Rethinking Sustainability Strategies with Anna Robertson of The Cool Down

April 17, 2024

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Anna Robertson is the co-founder and Chief Content Officer of The Cool Down, the first mainstream climate brand. Anna is an Emmy Award-winning executive and producer who has shaped media brands and built content that speaks to Americans.

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John Shegerian: Do you have a suggestion for a rockstar impact podcast guest? Go to and just click “be a guest” to recommend someone today. This edition of the Impact Podcast is brought to you by ERI. ERI has a mission to protect people, the planet, and your privacy. It is the largest fully integrated IT and electronics asset disposition provider and cybersecurity-focused hardware destruction company in the United States and maybe even the world. For more information on how ERI can help your business properly dispose of outdated electronic hardware devices, please visit This episode of the Impact Podcast is brought to you by Closed Loop Partners. Closed Loop Partners is a leading circular economy investor in the United States with an extensive network of Fortune 500 corporate investors, family offices, institutional investors, industry experts, and impact partners. Closed Loop’s platform spans the arc of capital from venture capital to private equity, bridging gaps and fostering synergies to scale the circular economy. To find Closed Loop Partners, please go to

John: Welcome to another edition of the Impact Podcast. I’m John Shegerian, and I’m so honored to have with us today Anna Robertson. She’s the co-founder and chief content officer of The Cooldown. Welcome, Anna.

Anna Robertson: Thank you so much for having me. What a pleasure to be here. I’m a huge fan of the show.

John: Well, I’m a huge fan of what you’re doing at The Cooldown, and I want to get into that in a little while, but first I want to get into your backstory. Where did you grow up, and how did you even get on this fascinating, wonderful, and important journey that you’re on?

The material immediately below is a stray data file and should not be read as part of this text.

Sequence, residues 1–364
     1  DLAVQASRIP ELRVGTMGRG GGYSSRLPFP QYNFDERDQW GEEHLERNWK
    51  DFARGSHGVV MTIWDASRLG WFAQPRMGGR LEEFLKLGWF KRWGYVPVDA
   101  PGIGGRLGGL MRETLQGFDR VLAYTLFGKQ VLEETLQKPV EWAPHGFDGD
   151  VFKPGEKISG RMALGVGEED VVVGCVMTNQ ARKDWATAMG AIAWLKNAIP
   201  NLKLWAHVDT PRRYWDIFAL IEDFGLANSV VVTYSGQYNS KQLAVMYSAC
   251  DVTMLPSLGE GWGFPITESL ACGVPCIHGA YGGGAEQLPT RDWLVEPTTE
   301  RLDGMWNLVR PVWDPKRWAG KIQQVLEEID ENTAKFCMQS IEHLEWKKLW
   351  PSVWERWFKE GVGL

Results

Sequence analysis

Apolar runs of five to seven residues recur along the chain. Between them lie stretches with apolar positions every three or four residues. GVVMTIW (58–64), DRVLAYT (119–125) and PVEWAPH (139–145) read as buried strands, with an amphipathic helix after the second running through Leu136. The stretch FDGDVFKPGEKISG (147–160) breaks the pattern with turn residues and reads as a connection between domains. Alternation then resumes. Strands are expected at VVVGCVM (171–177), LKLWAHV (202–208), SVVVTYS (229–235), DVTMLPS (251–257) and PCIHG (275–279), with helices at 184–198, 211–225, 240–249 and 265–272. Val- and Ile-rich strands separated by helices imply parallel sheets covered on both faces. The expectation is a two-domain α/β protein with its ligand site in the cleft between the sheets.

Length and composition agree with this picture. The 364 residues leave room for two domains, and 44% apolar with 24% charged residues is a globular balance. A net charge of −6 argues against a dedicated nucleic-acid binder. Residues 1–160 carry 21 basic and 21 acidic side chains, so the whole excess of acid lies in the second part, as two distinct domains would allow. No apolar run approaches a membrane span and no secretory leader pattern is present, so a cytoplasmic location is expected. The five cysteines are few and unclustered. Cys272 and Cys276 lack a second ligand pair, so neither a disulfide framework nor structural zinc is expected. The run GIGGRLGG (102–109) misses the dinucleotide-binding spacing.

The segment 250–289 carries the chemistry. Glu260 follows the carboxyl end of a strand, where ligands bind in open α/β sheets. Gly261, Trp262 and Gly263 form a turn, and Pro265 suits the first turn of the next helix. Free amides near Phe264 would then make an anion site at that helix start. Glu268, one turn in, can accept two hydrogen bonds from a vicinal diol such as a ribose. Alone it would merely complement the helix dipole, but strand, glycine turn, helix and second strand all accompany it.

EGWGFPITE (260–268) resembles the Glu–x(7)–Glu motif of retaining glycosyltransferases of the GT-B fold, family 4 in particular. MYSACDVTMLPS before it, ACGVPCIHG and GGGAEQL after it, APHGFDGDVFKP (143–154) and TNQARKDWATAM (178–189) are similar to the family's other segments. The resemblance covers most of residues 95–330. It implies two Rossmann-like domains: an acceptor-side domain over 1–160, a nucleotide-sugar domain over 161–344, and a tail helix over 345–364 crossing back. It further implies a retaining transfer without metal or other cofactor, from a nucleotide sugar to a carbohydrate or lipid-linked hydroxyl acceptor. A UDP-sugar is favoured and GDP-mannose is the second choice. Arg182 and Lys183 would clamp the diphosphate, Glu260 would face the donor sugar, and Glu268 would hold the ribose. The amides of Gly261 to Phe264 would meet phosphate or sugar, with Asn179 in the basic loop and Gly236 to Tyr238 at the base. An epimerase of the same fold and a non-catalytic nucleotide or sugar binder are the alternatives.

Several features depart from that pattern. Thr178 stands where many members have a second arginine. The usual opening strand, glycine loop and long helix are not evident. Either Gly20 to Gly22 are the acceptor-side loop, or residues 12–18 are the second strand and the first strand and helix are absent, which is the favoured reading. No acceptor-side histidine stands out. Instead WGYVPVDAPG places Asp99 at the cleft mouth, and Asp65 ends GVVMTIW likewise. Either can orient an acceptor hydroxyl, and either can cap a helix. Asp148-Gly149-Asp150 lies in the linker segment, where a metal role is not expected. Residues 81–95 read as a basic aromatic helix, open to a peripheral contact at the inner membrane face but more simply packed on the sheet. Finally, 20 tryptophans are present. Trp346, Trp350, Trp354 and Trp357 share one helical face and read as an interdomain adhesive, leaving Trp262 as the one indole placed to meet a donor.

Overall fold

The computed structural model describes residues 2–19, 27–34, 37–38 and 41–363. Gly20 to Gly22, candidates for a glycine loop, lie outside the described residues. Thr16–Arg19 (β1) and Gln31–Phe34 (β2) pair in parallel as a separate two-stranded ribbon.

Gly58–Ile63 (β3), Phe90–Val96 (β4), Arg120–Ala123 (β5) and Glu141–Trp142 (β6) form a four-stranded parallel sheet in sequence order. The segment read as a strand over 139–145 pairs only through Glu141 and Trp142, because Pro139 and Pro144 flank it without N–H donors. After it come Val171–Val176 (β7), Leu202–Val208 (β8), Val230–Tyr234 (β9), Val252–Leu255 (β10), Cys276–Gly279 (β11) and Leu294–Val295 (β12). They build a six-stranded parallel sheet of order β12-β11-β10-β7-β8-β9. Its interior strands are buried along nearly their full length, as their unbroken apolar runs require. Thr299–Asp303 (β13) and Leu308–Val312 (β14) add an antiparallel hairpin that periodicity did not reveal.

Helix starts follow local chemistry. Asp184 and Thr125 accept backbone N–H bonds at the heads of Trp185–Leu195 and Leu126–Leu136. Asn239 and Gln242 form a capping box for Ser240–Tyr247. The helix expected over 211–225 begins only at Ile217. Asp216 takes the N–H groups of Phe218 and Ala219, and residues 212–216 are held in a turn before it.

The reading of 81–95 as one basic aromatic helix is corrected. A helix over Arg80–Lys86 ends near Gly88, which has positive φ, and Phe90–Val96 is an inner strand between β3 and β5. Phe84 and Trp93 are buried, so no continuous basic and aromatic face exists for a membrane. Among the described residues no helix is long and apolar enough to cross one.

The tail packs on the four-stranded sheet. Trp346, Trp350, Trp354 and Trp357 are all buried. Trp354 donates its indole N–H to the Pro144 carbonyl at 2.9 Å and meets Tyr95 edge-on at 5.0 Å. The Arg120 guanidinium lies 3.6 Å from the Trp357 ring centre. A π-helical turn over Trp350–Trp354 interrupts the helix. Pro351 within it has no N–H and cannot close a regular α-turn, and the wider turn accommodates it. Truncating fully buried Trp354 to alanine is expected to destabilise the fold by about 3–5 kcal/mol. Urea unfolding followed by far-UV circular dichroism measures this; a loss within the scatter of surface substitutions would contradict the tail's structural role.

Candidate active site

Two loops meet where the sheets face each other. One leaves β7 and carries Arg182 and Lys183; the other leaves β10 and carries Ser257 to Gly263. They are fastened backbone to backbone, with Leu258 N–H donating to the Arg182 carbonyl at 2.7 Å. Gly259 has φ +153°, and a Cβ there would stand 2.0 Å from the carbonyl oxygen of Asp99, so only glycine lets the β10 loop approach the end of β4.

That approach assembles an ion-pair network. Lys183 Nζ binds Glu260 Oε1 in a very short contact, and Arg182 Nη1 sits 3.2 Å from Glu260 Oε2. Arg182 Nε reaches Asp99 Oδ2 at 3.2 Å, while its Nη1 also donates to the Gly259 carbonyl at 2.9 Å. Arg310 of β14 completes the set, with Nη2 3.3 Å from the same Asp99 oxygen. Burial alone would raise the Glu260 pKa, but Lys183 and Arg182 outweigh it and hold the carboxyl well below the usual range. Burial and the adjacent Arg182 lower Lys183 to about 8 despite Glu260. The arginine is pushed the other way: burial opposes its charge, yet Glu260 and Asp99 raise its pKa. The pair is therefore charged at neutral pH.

Anna: Well, I was born in London and grew up most of my life outside Washington, D.C. in Arlington, Virginia. I always knew I wanted to be a journalist of some kind since I was in fourth grade and sort of followed that path through my entire life. I did a lot of internships and sort of immersed myself in every different part of the media business. By the time I graduated college at UVA, University of Virginia in Charlottesville, I had started an online news magazine. This was back in the olden days because I’m old, and that was right when we were getting email addresses and internet was coming online. I had started an online news magazine. I really wanted to get into TV, and I ended up getting a job working the overnight shift at ABC News and sort of parlayed that into an amazing opportunity working with Diane Sawyer first as her assistant and then as her producer for 5 years. Traveling with her around the world, covering the war in Iraq and 9-11, Hurricane Katrina, the tsunami in Asia, and then really just spent 5 more years at ABC, at Good Morning America, went to Yahoo when digital was starting, and then went back to Disney and was working most recently in the local news space, really focused on local news innovation. That’s kind of where the climate bug hit me, although I’ve always been really passionate about the topic in general.

John: When did you have the combination of the climate bug and the entrepreneurial bug to say, “Okay, I have to do my own thing? I’ve got to start my own thing here and see how that goes.”